CRP and lactate levels
CRP levels were measured in 326 patients of the primary sepsis group, of whom 38 died (11.7%). Death rates of patients with CRP levels <100 and ≥100 mg/litre were 7.6% (SD 2.2) versus 14.9% (SD 2.6), respectively (p=0.038). The AUC of CRP was 0.68 (95% CI 0.58 to 0.78; figure 2).
Arterial lactate levels were measured in 47 patients of the primary sepsis group, of whom 17 died (36.2%). Death rates of patients with lactate levels ≤4 and >4 mmol/litre were 24.2% (SD 7.5) versus 74.3% (SD 12.8), respectively (p=0.001). The AUC of lactate was 0.75 (95% CI 0.60 to 0.90; figure 2). Of the patients in whom lactate was measured, 21% had sepsis, 51% had severe sepsis and 28% had septic shock at ED presentation.
In this study, we investigated the value of the MEDS score in predicting mortality of sepsis at the Emergency Department. We found an AUC of 0.81 and significantly different death rates per MEDS category, which confirms the MEDS score as a good risk stratification tool in ED patients with sepsis who are treated by an internist. These results are comparable to those of the original validation study and to other studies, which found AUCs ranging from 0.74 to 0.88.15–19 22 The mortality in our population was higher than in the original validation set of Shapiro et al,12 especially in the high-risk and very high-risk groups (40.0 vs 16.1% and 77.8 vs 39.0%, respectively). A possible explanation for the higher mortality in our study is the higher prevalence of terminal illness and malignancy in our patients. A second explanation may be the different healthcare organisation in The Netherlands, which may result in an ED population that is more seriously ill because of the preselection by the primary healthcare.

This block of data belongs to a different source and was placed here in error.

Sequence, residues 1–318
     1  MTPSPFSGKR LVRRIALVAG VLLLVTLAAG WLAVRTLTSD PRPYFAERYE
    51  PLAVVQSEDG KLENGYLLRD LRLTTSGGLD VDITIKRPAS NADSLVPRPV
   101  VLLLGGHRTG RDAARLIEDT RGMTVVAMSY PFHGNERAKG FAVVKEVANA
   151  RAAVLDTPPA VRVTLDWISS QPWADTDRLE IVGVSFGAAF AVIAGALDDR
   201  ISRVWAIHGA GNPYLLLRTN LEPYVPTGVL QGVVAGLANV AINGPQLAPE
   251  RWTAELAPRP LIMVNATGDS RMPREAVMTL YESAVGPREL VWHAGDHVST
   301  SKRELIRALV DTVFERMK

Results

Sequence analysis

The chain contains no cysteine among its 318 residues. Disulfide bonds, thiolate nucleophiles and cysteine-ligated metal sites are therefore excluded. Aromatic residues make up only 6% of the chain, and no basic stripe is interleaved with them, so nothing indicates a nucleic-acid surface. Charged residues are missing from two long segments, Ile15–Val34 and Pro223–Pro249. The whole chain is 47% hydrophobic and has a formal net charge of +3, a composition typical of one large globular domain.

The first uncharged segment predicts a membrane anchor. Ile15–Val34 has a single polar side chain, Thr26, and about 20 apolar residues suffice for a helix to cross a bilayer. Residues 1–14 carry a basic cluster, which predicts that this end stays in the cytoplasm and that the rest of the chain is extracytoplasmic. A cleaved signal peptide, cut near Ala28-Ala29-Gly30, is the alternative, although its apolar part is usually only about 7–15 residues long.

To optimally compare our results to those of the original validation study, we also created a group of patients based on the same inclusion criteria as Shapiro et al,12 namely the patients, whose blood was cultured, regardless of clinical signs of sepsis. The overall mortality of these 372 patients was 8.6%, compared to 11.5% in our primary study population with sepsis. This difference can be explained by the fact that 25% of the patients in the ‘blood culture group’ did not fulfil the criteria for SIRS and were probably less severely ill. ROC analysis showed a slightly higher AUC (0.85) than in our primary study population with sepsis. We believe that the inclusion criteria that we used are more adequate in defining sepsis than the criterion of ordering blood cultures, and we thus validated the MEDS in patients for whom the score was actually developed: those in whom sepsis is suspected at ED presentation.